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Seeds of the Kingdom

God’s Spectacles

by Philip Asselin

Come now, let us reason together says the Lord: though your sins are like scarlet, they shall be white as snow; though they are red like crimson, they shall become like wool.
Isaiah 1:18, NIV

In this verse God uses two quite different shades of red to highlight how He sees sin. Crimson is slightly darker than scarlet, inclining to more of a purple shade, while scarlet has bright red or orange tone. Both shades of red are the hardest stains or marks to remove, and will always carry some residual mark no matter how many times they are treated and washed. An example of this is the Annatto berries that are used to colour Red Leicester cheese – if the berries stain gets on your hands it’s terribly hard to remove.

In this verse God likens both shades of red to sin; seemingly impossible to remove. Perhaps you feel that way about your sins or failings. The enemy will certainly tell you that if you let him. Many lovely Christians carry the guilt of sin around with them, and some believe what they’ve done can never be forgiven – the stain is indelible. But what does God say?

Joshua 2:18 ‘unless, when we come into the land, you bind this line of scarlet cord in the window through which you let us down, and unless you bring your father, your mother, your brothers, and all your father’s household to your own home’. This story is a part of the narrative with Rahab the harlot. Because she helped the Israelite spies, they told her she and her family could be spared, as long as she put a scarlet cord out of the window to signify that they weren’t to be hurt. The Bible uses scarlet, red, or crimson as colours that symbolise sin, but something symbolic is often used to mark people for salvation.

Exodus 12:7 ‘And they shall take some of the blood and put it on the two doorposts and on the lintel of the houses where they eat’. At the end of the plagues in the book of Exodus, the Israelites were told to kill an unblemished lamb and put the blood of it on their doorposts, so that the angel of death would literally pass over the houses and spare them from death. This is where we get the word ‘Passover` from. Once again, the colour has two meanings: death, because the lamb shed its blood, but also redemption because it spared those who had it on their doorposts.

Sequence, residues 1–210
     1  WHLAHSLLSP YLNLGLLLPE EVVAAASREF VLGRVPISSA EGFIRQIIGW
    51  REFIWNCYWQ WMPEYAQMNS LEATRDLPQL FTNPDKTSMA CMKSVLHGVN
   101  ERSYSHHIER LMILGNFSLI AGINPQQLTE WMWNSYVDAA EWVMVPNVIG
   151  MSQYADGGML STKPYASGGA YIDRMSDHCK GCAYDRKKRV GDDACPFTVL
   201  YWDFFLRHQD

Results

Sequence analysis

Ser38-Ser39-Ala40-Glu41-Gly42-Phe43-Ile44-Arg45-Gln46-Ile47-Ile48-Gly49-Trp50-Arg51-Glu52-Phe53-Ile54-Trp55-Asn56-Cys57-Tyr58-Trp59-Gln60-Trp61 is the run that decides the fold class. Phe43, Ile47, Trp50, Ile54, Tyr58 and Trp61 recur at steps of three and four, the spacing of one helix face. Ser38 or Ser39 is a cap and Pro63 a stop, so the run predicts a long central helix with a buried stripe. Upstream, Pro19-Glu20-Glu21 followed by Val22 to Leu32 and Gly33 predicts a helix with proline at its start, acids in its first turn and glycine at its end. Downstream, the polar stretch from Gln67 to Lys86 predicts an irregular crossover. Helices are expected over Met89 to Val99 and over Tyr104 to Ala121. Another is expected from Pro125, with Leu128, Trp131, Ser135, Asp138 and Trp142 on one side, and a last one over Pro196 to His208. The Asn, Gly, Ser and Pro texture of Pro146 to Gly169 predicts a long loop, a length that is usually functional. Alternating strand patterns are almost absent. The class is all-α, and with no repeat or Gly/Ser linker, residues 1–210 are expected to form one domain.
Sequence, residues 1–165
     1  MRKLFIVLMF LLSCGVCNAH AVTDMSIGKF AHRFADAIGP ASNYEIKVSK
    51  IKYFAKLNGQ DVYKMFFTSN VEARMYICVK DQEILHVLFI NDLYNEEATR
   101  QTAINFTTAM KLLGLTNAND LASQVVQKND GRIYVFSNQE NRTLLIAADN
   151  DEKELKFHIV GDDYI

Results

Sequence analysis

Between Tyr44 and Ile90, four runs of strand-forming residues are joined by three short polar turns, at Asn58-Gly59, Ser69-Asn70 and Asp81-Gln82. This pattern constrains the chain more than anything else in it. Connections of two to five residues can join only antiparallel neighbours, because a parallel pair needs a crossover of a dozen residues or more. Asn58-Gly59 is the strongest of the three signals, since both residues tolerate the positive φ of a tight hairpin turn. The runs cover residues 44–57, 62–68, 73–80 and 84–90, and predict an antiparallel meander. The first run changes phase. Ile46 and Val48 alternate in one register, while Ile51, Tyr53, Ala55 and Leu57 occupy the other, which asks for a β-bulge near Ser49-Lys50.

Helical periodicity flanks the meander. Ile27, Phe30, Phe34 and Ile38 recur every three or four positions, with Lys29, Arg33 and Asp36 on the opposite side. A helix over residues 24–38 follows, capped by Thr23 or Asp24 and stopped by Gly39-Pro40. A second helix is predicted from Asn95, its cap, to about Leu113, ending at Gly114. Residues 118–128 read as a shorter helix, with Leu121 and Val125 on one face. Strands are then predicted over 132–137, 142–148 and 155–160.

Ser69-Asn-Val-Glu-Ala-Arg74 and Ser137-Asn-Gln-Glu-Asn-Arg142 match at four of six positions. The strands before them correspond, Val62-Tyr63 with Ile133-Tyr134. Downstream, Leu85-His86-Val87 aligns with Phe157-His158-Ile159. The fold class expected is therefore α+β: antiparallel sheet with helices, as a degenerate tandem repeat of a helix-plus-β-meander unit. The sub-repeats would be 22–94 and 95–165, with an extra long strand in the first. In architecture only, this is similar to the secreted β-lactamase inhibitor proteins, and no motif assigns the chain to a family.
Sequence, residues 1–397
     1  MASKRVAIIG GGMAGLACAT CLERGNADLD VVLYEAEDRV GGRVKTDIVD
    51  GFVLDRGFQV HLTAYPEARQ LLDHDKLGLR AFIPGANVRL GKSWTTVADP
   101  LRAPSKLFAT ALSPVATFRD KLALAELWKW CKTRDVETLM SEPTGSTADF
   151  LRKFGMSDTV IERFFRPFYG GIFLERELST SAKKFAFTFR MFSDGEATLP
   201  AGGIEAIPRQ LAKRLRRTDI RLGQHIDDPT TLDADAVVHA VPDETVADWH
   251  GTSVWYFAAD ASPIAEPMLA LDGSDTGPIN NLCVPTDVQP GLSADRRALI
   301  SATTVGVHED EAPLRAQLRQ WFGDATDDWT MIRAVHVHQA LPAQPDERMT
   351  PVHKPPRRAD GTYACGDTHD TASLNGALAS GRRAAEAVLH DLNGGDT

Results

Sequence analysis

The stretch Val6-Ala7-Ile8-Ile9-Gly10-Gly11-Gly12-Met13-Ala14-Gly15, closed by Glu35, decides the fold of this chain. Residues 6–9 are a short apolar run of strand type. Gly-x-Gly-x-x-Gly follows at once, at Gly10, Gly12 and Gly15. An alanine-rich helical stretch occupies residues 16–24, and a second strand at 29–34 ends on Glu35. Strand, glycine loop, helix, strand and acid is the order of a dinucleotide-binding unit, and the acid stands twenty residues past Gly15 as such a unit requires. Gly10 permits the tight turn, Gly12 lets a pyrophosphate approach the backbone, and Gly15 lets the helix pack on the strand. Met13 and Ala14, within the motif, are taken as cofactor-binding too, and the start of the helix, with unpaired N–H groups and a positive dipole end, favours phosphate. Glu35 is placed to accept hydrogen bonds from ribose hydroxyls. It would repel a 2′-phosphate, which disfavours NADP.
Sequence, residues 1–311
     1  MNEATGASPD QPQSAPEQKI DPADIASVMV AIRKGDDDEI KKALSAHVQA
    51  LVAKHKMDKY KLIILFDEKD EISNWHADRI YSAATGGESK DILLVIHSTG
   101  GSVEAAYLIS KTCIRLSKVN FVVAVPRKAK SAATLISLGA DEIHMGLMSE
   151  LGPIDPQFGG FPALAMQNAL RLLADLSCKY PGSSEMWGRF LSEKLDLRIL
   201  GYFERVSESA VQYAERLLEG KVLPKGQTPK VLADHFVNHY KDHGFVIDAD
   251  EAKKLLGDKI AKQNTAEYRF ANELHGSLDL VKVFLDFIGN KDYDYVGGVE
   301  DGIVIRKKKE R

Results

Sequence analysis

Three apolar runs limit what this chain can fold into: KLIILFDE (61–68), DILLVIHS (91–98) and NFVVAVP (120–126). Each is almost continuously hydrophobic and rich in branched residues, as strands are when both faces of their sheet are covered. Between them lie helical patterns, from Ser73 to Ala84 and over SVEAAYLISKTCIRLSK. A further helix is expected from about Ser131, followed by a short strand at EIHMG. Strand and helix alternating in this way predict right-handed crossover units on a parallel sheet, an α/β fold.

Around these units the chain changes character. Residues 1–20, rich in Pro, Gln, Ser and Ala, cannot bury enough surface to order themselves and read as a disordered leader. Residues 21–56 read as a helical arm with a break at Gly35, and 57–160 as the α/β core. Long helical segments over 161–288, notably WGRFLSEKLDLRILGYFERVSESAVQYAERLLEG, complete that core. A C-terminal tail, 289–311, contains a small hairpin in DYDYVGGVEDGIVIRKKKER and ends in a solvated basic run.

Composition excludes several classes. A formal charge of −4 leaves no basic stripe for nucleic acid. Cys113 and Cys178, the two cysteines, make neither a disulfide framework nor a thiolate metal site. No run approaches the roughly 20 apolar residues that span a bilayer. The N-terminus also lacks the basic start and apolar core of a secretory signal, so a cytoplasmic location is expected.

All of this culminates within the blood of Jesus. Passover, ultimately, was a foreshadow of a greater one to come. Instead of a lamb, Jesus shed His blood for the world. And, ‘whosever believes in Him should not perish but have everlasting life’ (John 3:16). It’s our sin that Jesus had to die for, and He willingly paid the price so that all can have access to the Father through Him, as long as they accept it. Jesus, when talking to His disciples about communion, said ‘for this is My blood of the new covenant, which is shed for many for the remissions of sins’ (Matthew 26:28). The price for sin can only be paid through the shedding of blood; the Old Testament made that very clear.

So, what has all this to do with the title ‘God’s spectacles?’ The answer is in how God views our sins. He sees them through the spectacles of the blood of His one and only Son. The amazing fact is that, if red is viewed through a red filter, it becomes white. As a child of God, if you truly repent of your sins (no matter how awful), then the blood of Jesus filters them out and the Father sees you as white as snow – totally and utterly cleansed and acceptable in His sight.

Prayer: Oh Father, I know I’ve done many things that I’m far from proud of. I still find it difficult to believe that some of them can be forgiven today. But Your word tells me that I can be cleansed completely through the blood of Jesus, Your precious Son. So right now I turn to You and repent for … (be specific), and ask Your forgiveness. I choose to receive Your forgiveness. Your Word tells me that instantly, right now, You see me as totally clean from all trace of that sin. Hallelujah! Thank You, Lord! Amen.

Philip Asselin Philip is on the associate ministry and teaching teams with Glyndley Manor. He and his wife Gillian attended the second Healing Retreat at Glyndley Manor in 1992, and were greatly helped. They have two grown up children, one grandson, and a step-granddaughter in California, and a daughter and granddaughter in Eastbourne. His desire is to see people healed and set free to serve God.


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